Astronomers have discovered an asteroid inside Venus' orbit that not only circles the sun, but is also the second closest object to the star in the solar system, surpassing Venus itself.
Known as 2020 AV2, this space rock has the smallest aphelion (distance from the sun) and takes just 151 days to orbit the star, according to a statement released by The Virtual Telescope Project.
"Now we know that 2020 AV2 really has its orbit entirely inside that of Venus, so being the first one of this kind to be ever discovered; also, it is the natural object with the smallest known aphelion distance in our Solar System (excluding planet Mercury)," astronomer Gianluca Masi wrote in the statement. "With asteroid 2019 AQ3, discovered by the same team, 2020 AV2 has the shortest orbital period known so far in the asteroid population."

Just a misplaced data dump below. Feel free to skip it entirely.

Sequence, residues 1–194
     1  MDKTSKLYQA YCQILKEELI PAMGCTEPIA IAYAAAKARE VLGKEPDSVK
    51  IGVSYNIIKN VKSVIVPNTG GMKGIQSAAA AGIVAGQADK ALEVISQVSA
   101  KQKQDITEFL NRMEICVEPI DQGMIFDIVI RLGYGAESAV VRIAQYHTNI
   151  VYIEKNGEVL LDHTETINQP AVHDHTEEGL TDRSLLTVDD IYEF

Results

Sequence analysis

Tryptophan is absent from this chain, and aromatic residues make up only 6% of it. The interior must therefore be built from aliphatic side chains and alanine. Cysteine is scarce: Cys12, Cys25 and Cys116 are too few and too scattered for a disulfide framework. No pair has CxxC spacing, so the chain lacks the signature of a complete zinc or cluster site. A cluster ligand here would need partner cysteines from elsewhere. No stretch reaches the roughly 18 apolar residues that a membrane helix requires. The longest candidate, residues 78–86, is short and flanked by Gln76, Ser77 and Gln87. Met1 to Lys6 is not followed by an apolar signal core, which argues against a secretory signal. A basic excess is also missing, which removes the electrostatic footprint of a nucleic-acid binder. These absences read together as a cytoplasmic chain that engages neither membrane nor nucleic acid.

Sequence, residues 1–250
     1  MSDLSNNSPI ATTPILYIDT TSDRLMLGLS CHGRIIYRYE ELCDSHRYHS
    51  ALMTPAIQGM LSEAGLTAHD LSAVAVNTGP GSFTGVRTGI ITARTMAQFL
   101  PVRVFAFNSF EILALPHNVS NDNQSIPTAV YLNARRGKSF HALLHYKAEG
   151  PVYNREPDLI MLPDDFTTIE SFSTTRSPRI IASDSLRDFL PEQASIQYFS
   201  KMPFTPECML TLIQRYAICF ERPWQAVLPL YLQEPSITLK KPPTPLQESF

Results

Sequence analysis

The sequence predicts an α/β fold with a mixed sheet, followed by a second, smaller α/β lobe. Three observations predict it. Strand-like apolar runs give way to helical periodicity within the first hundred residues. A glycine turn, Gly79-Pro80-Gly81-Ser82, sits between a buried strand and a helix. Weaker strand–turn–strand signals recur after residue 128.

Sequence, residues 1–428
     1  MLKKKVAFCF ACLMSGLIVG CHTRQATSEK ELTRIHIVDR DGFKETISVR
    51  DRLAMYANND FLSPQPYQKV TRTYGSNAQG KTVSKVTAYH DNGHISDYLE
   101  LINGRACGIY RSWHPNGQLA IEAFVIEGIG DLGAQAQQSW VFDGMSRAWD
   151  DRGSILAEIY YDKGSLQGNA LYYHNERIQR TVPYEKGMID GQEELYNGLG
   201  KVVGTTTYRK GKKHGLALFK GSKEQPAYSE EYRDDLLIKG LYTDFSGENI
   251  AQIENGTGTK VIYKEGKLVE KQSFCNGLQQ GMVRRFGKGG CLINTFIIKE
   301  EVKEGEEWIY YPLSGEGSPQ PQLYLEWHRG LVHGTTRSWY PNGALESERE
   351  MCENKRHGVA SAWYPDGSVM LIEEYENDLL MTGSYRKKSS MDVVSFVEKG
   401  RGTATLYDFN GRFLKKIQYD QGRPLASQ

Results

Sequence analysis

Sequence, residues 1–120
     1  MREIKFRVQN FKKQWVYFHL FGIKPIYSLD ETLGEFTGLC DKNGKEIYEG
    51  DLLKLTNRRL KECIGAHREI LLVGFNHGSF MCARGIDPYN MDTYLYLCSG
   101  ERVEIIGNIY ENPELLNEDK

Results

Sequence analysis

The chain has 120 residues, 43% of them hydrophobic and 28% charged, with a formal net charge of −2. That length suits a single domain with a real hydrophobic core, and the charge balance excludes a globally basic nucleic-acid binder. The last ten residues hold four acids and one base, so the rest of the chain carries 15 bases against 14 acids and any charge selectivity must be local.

It's also the first "intervenusian" asteroid ever discovered, meaning the space rock never leaves Venus' orbit.
At present, it's unclear how small or large 2020 AV2 is, having only been discovered on Jan. 4.
Masi added that there are approximately 792,000 asteroids known to orbit the sun, citing data from the International Astronomical Union's Minor Planet Center. However, only 21 of them orbit the sun closer than Earth, a group known as Atira asteroids.